Turkey’s Hegemonic Bet: Neo-Ottomanism with Pan-Islamist Face


Finding itself at a crossroads, increasingly isolated by its Western allies and no longer the dominant Muslim voice it once was, Turkey is now flexing its pan-Islamist muscles. But the MENA wants other alternatives.

Turkish President Tayyip Erdogan and GNA leader Fayez al-Sarraj

By Tamba François Koundouno –

Jan 7, 2020

Rabat – At a pan-Islamism and anti-Islamophobia-themed meeting, recently held in Kuala Lumpur, Malaysia, at the initiative of Turkey, Malaysia, Iran, and Qatar, Turkey’s President Erdogan, ever the pertinent and cunning political communicator, seized the occasion to broadcast to everyone who would listen what has become a driving principle (in spirit, at least) of his and contemporary Turkey’s foreign policy projections: saving the Arabo-Muslim world from the incessant, perennial onslaught of an essentially anti-Muslim global order.
In the Malaysian capital, Turkey spoke about resistance and the need for a robust Muslim fraternity so that the MENA region, of course under Turkey’s guidance, can rise to the security and socio-economic challenges of globalization and modernity.

Saving brothers in need
Erdogan’s message was clear: now is the time to revive pan-Islamism. This was later echoed by all participants of the small circle of countries who, by sprinkling their rhetoric with “Muslim unity” sonnets and giving their gathering a theme that could speak to Muslim sensibilities the world over, effectively styled themselves as the saviors, or the forerunners of a much-needed “Muslim coalition” to liberate the Muslim world from the apparently ensnaring grip of the West’s dominant, judeo-Christian paradigm.

There is nothing new to such pan-Islamism-flavored rhetoric in Erdogan’s political communication toolkit. The Turkish leader has to some degree already effectively styled himself over the years as the “daring one” and the “Reis” (chief) who stands up to the West. But the Kuala Lumpur gathering came with a more consequential, even audacious, twist: the creation of a new economic system to extricate the Middle East and North Africa from the grasp of the all-mighty American dollar.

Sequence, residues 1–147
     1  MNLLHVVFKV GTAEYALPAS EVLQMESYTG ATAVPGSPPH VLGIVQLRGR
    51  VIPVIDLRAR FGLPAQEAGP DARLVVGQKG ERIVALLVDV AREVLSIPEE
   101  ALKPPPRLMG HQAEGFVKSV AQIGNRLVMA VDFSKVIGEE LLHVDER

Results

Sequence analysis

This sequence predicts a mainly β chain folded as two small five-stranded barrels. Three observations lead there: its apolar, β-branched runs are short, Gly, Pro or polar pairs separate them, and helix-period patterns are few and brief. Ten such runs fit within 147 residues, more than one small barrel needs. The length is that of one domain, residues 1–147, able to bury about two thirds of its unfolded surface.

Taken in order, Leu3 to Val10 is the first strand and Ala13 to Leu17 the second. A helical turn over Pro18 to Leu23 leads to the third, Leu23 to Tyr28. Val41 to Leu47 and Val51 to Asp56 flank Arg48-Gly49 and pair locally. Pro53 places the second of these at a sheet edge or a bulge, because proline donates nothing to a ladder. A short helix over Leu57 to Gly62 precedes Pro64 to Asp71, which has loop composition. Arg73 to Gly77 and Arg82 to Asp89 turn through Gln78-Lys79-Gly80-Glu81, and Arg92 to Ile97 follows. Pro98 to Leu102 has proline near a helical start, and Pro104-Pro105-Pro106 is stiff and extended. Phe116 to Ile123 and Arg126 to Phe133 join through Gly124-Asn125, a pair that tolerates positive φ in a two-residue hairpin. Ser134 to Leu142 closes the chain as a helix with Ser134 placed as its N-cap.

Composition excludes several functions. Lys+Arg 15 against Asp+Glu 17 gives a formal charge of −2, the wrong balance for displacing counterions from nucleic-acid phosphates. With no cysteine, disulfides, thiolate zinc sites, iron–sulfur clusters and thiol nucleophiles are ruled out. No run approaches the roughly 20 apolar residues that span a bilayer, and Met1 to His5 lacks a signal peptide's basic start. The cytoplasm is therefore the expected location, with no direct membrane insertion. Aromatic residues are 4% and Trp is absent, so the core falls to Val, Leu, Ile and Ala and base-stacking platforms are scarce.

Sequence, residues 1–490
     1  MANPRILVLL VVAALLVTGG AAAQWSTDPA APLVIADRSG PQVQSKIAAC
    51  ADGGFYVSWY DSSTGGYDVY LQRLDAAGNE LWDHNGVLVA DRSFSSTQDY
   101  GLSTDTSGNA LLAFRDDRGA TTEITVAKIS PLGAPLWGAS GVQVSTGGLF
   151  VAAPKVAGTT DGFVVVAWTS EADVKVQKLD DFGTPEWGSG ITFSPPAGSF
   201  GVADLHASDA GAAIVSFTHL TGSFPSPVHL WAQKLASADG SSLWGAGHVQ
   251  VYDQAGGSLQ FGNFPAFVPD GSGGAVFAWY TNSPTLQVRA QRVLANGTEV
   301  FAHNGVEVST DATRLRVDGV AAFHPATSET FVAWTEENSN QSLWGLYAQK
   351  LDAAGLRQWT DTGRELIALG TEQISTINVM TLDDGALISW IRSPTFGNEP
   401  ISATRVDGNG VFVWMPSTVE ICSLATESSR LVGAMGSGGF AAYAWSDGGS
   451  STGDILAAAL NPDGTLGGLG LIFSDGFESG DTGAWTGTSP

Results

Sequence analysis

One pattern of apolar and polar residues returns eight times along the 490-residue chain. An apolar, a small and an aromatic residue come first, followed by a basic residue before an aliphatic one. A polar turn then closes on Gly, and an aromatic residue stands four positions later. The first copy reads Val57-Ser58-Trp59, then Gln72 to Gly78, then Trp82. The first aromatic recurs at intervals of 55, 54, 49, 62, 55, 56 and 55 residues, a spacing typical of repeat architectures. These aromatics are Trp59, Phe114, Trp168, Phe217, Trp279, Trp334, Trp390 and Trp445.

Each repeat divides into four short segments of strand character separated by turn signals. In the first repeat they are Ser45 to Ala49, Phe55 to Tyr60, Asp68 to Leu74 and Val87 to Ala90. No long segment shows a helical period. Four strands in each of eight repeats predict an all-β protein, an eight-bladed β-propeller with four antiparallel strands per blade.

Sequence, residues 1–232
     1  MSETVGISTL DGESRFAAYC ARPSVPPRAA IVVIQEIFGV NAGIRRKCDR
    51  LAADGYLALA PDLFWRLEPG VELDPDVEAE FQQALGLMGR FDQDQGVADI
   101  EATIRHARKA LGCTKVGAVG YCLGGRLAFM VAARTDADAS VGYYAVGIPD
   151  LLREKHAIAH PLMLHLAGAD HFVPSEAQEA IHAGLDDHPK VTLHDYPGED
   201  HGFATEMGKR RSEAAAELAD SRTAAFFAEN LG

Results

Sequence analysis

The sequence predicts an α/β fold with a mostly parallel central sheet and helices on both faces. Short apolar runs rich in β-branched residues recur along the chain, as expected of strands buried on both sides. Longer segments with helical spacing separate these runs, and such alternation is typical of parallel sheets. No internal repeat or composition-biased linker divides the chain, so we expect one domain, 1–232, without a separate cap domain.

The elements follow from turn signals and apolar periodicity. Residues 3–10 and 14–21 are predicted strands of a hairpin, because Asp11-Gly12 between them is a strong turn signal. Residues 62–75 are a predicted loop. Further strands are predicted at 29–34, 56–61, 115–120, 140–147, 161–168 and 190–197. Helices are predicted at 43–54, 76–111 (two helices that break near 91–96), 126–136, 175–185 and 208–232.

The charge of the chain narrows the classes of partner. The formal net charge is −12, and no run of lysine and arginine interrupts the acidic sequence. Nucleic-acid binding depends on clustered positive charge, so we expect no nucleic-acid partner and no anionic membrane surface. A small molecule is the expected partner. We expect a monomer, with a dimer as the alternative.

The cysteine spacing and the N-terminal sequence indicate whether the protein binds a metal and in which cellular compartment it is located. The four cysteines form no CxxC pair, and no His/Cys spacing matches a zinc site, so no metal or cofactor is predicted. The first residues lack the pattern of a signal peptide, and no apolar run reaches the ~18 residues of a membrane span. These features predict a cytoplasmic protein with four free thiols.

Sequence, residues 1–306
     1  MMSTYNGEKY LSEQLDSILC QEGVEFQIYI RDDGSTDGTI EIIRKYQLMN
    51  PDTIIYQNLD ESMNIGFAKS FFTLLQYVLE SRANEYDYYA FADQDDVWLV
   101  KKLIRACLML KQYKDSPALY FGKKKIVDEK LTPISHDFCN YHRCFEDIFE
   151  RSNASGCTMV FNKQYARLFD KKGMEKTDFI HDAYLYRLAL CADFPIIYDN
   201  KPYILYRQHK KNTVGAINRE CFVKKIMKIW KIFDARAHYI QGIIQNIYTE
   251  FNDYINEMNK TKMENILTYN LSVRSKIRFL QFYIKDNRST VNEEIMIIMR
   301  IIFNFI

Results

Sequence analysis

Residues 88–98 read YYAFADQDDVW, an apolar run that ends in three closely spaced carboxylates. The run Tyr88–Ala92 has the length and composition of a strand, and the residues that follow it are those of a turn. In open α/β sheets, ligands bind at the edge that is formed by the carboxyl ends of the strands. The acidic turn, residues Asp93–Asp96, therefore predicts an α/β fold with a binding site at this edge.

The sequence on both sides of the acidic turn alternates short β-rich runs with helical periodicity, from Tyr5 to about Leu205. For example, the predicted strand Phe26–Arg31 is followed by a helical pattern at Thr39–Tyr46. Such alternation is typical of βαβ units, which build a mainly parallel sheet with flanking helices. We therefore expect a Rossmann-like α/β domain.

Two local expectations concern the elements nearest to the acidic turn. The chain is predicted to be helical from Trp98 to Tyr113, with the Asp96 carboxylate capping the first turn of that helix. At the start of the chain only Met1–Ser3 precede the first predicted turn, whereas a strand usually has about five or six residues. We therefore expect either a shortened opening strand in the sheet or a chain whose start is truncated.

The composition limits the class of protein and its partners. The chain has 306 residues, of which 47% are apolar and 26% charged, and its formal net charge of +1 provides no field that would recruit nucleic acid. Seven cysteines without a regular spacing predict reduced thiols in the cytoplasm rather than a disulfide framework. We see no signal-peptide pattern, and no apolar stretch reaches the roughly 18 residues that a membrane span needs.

All this was merely a glimpse of Turkey’s regional ambitions as it looks to capitalize on the image of the selfless and sweetly paternalistic hegemon, primordially interested in safeguarding the wellbeing of “fellow Muslim” countries.

Days after the Malaysia meeting, on December 26, Erdogan announced Ankara’s plans to send troops to Libya to support the beleaguered Tripoli-based and internationally recognized Government of National Accord (GNA) in its struggle to fend off sustained attacks from the troops of General Khalifa Haftar.

The Turkish president said he was responding to an invitation from Tripoli as France, Italy, Egypt, the UAE, Jordan, and Russia-backed Haftar, appearing to have the upper hand in the struggle for Libya, prepared to launch a “final assault” on the capital Tripoli. Ankara, once again the savior and the righteous voice in a volatile region long gone berserk, Erdogan suggested, was only legitimately flying to the rescue of the GNA, the rightful government of Libya.


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